Salter's daughter, Claudia Salter Grubeck, wants the board to reconsider, saying: "The people of Ceres are outraged. He (Cesar Chavez) never did anything for our schools and the community. They needed to name it for someone who deserves that honor.

"We have so many people that could have had this honor," Grubeck said. "He (Chavez) has enough things named for him.

"My dad was deserving," Grubeck said. "He did a lot for the schools."

Becki Barton Nicholes is a friend of the Salters who is circulating a petition to change the board's mind.

"We're asking the board to reconsider naming the school after someone who contributed to our community," she said. "Chavez didn't."

"They went against its own policy by naming it after someone who didn't live here. I don't know what their thinking was. They made a mistake. My issue was we always named our schools after local servants in our community," she said.

Supt. Walt Hanline defends his board's choice even though the CUSD policy of naming schools is spelled out as follows: "The following criteria in naming schools, buildings or other facilities shall be use: 1). In honor of individuals who have made outstanding contributions to the school district or community; 2). In recognition of the geographic areas in which the school, building or facility is located."

"The issue is the definition of 'community,'" said Hanline. "It's probably anybody who had anything to do with the world. We named a school after Don Pedro. Don Pedro never lived in the community ... he's the guy who was an explorer in the 1600s, I think."

Most, however, would concede that the school, built in the late 1940s, was named after its site being located on Don Pedro Road.

Critics say Ceres has always had a tradition of interpreting "community" as Ceres community, as evidenced by the selection of only local persons.

Hanline noted that 31 schools in California are named after Chavez under policies similar to CUSD's. "So if they're wrong and you're right, then we're wrong and the whole world is wrong and you're right," he said to critics.

"I think getting caught up in the rhetoric of the policy," said Hanline, "is denying the reality that ... Cesar Chavez was a highly controversial figure. Those of us on the right would say it was a negative contribution. Those people on the left would say it was a positive contribution. No one can deny Cesar Chavez was a compassionate, caring and dedicated leader. He impacted the lives of millions of people. To say that he (Chavez) did not contribute to this community is not a fair conclusion."

The selection of Chavez apparently was controversial among the board itself. Trustee Eric Ingwerson said he didn't support Chavez's name in a study session, feeling it "should have picked someone who was local." He later went along with a unanimous vote saying "democracy won out."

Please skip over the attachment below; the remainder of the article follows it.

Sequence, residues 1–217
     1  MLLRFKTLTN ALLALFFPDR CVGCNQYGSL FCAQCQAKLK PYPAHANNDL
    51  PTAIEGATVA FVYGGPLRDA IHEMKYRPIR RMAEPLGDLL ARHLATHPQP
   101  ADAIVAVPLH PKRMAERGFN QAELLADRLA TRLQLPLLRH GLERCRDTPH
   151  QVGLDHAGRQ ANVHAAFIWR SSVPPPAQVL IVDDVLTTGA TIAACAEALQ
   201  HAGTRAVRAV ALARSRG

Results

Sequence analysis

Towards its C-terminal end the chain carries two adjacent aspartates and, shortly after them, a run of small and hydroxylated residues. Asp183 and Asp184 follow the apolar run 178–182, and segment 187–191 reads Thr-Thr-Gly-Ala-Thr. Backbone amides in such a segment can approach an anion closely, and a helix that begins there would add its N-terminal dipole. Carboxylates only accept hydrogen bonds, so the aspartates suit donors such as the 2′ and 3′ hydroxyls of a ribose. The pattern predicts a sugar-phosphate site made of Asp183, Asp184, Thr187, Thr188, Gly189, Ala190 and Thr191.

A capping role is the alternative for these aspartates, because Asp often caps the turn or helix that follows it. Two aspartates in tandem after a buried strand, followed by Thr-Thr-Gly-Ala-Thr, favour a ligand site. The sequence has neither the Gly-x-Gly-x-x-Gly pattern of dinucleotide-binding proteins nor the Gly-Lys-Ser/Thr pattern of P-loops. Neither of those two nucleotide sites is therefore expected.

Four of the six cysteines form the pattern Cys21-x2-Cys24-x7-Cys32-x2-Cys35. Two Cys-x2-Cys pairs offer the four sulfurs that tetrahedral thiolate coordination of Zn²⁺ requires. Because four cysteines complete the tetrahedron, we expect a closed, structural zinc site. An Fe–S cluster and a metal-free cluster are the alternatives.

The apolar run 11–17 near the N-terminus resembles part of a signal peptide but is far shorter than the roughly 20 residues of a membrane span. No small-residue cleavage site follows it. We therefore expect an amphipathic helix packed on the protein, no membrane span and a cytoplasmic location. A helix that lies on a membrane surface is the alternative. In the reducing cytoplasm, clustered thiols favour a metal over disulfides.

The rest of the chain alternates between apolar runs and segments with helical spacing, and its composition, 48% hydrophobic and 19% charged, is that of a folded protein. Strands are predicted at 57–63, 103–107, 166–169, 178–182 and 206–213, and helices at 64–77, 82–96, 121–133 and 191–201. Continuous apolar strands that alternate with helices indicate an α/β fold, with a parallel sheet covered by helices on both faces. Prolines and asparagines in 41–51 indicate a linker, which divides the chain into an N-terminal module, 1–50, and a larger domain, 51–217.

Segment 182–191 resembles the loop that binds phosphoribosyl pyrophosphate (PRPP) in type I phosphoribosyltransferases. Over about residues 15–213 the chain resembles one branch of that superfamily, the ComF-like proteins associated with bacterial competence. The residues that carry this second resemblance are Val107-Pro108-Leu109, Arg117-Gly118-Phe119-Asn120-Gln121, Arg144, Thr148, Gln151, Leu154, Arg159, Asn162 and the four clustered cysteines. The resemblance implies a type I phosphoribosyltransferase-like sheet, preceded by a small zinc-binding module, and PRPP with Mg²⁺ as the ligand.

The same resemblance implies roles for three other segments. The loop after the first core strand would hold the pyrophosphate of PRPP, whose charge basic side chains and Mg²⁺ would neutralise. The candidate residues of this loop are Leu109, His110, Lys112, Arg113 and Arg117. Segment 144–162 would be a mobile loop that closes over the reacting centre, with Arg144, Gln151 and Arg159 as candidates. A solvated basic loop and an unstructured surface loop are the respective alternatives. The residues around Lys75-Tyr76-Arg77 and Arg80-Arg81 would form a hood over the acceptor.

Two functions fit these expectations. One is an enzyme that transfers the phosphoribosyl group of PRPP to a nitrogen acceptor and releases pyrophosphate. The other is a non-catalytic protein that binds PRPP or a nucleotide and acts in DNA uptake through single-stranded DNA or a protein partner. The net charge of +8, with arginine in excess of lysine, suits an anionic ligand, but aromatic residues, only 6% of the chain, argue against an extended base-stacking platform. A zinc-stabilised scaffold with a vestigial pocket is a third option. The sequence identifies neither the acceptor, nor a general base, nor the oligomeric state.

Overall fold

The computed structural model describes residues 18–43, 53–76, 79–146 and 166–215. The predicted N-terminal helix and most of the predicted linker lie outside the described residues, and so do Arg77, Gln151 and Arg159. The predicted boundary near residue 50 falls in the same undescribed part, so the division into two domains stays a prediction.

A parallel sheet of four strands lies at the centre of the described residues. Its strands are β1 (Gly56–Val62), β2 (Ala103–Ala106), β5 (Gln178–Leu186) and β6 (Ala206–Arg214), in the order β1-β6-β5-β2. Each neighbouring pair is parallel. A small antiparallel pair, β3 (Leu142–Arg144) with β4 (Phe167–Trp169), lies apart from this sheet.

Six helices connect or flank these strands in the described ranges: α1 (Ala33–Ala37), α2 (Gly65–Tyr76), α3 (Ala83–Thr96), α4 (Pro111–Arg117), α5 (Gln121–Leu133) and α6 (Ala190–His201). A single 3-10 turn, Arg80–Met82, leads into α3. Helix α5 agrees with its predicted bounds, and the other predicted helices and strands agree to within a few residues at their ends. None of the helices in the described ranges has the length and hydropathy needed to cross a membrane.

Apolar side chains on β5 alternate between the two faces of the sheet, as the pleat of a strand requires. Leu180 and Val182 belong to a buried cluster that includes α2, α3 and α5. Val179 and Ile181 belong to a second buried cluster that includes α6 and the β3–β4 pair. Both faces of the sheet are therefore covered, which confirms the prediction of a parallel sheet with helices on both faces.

"I could have voted no at the meeting but it wouldn't have changed the outcome," said Ingwerson. "I was being a team player."

When asked if Ceres School Board violated its own policy, Ingwerson replied: "It's a matter of opinion."

Trustee Mike Welsh said he will remain open-minded about what public has to say but admitted a change would only be triggered by a "pretty compelling argument."

"I'm half Hispanic," said Welsh. "I'm honored Chavez was chosen."

Welsh denied that the board broke its policy saying "It's all in the interpretation."

Ceres School Board President Teresa Guerrero denied that there was "arm twisting" at the board level and noted "Everyone was in unison on/in this. Everything was done right."

Board Trustee Jim Kinard said: "I don't think we violated the board policy at all from my reading. The policy doesn't say it has to be a local. It simply says individuals who have made outstanding contributions to the school district or community. Migrant workers have clearly contributed. They brought about economic growth in this community. We're honoring a person that gave them a voice."

Hanline noted that naming schools can be a controversial exercise. "I guarantee you that I'm controversial and there's a whole lot of people in this community who strongly believe that that school should in no way be named after that S.O.B" he said in referencing the naming of a school after himself.

But he stated that he doesn't understand why nobody showed up when the board was making its decision.

"If you feel like your name was not given justice, then you should have been at the meeting with your petition and all this information should be kept for the next time," said Hanline. "But don't bloody Monday morning quarterback the board who made the decision based upon the input that was given and its discussion."

Guerrero said Ceres is the first in Stanislaus County with a school named after a civil rights leader and that she thinks the board will stand by its decision.

Dale Butler contributed to this article.